Scientists find first ever evidence of asteroids with Earth-like crust

January 8th, 2009 - 2:49 pm ICT by ANI  

Washington, Jan 8 (ANI): A team of scientists has found the first ever evidence of asteroids with an Earth-like crust.

A research team, primarily composed of geochemists from the University of Maryland, US, estimated that two rare meteorites found in Antarctica two years ago are from a previously unknown, ancient asteroid with an outer layer or crust similar in composition to the crust of Earths continents.

This is the first ever finding of material from an asteroid with a crust like Earths. The discovery also represents the oldest example of rock with this composition ever found.

These meteorites point to previously unrecognized diversity of materials formed early in the history of the Solar System, according to researchers.

What is most unusual about these rocks is that they have compositions similar to Earths andesite continental crust - what the rock beneath our feet is made of, said first author James Day, who is a research scientist in Marylands department of geology. No meteorites like this have ever been seen before, he added.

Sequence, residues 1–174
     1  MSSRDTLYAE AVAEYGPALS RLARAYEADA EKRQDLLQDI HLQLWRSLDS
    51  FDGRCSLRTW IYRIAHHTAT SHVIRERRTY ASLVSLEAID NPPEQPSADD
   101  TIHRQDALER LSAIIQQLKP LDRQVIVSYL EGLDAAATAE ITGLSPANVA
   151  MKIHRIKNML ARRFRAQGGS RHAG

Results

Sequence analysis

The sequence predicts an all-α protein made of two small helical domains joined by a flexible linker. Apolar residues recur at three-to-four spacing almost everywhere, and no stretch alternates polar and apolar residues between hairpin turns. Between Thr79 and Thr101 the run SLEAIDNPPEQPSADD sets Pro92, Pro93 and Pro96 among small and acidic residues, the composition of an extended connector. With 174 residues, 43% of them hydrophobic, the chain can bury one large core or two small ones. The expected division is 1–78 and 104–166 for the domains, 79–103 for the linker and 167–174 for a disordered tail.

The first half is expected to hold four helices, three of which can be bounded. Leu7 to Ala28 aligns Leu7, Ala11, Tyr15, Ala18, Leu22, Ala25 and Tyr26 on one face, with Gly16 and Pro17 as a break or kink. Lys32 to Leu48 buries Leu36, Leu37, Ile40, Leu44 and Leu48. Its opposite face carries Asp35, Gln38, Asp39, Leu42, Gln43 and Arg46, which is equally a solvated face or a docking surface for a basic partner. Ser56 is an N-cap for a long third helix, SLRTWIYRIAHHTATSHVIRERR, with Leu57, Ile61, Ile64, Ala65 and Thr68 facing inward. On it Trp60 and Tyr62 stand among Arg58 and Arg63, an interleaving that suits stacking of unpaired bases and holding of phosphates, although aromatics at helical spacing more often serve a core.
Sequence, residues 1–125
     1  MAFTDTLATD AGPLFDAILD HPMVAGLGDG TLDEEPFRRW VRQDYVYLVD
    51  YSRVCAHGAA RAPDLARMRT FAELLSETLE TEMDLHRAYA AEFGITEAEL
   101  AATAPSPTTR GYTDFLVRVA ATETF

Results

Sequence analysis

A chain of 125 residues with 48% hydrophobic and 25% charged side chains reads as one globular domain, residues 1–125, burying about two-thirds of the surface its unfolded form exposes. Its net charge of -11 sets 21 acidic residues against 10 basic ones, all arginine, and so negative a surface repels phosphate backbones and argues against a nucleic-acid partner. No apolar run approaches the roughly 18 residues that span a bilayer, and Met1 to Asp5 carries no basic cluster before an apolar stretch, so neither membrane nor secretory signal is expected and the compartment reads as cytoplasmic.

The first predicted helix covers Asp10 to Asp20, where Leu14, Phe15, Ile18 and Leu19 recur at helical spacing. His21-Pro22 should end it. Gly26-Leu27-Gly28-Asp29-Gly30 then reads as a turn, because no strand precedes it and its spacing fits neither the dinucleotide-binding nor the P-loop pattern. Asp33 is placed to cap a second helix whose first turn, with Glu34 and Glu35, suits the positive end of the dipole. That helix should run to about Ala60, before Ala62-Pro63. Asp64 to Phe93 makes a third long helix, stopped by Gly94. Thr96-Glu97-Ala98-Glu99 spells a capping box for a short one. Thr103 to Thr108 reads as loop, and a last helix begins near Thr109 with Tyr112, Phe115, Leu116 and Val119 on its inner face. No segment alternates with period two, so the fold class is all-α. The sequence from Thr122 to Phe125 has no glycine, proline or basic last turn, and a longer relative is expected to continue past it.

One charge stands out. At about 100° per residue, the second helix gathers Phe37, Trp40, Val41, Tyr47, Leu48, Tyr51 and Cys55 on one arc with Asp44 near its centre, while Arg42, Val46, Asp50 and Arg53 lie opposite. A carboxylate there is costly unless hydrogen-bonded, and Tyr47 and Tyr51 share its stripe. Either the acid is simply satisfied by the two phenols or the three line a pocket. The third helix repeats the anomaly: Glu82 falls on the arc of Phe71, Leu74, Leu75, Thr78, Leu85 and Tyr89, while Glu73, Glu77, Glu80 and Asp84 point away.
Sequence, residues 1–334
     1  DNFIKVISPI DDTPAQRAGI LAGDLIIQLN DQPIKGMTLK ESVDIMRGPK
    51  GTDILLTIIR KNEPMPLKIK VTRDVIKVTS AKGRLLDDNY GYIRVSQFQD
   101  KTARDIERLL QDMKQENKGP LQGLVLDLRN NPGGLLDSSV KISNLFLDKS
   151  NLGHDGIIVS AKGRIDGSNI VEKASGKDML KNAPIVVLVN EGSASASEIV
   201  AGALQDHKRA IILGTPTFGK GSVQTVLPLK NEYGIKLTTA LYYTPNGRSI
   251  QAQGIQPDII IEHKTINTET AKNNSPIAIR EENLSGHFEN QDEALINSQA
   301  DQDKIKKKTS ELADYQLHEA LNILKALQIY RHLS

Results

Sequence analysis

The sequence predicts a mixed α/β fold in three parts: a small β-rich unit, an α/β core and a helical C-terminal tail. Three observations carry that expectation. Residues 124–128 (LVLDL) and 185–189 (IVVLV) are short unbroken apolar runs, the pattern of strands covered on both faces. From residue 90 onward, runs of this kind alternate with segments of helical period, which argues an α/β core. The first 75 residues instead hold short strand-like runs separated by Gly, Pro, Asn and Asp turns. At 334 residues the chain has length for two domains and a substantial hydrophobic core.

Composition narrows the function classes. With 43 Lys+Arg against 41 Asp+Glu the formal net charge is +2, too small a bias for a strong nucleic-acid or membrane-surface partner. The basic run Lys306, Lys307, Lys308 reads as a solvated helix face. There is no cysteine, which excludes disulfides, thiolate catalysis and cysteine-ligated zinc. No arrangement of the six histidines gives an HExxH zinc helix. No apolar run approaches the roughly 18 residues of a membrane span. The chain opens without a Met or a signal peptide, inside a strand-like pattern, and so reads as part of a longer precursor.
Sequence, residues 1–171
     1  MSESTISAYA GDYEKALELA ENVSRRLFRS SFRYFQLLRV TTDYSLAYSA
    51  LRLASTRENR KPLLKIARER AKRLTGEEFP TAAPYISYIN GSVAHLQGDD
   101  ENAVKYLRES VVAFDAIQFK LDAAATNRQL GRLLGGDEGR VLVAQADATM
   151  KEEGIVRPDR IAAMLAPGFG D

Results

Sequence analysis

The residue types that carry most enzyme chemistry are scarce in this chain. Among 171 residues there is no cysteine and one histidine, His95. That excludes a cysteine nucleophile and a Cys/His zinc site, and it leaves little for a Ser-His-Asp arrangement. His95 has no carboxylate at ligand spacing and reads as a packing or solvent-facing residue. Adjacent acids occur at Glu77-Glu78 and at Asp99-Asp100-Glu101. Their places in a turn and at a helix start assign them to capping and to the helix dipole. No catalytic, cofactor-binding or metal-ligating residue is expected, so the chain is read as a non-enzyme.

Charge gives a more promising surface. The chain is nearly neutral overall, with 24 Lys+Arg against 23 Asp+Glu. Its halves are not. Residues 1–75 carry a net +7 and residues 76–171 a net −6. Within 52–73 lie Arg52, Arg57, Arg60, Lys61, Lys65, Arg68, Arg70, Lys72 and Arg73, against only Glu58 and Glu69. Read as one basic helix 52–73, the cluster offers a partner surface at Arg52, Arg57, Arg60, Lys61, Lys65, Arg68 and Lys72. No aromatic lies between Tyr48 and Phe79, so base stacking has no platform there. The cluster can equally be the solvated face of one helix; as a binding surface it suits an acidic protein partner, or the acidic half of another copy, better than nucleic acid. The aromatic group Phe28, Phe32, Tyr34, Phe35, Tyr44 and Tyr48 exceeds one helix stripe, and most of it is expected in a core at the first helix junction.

According to Day, his team focused their investigations on how such different Solar System bodies could have crusts with such similar compositions.

We show that this occurred because of limited melting of the asteroid, and thus illustrate that the formation of andesite crust has occurred in our solar system by processes other than plate tectonics, which is the generally accepted process that created the crust of Earth, he said.

The two meteorites (numbered GRA 06128 and GRA 06129) were discovered in the Graves Nunatak Icefield during the US Antarctic Search for Meteorites (ANSMET) 2006/2007 field season.

Day and his colleagues immediately recognized that these meteorites were unusual because of elevated contents of a light-colored feldspar mineral called oligoclase.

Our age results point to these rocks being over 4.52 billion years old and that they formed during the birth of the Solar System. Combined with the oxygen isotope data, this age points to their origin from an asteroid rather than a planet, said Day.

Our studies of the GRA meteorites suggest similar crust compositions may be formed via melting of materials in planets that are initially volatile- and possibly water-rich, like the Earth probably was when if first formed, said Day.

A major uncertainty is how evolved crust formed in the early Solar System and these meteorites are a piece in the puzzle to understanding these processes, he added. (ANI)

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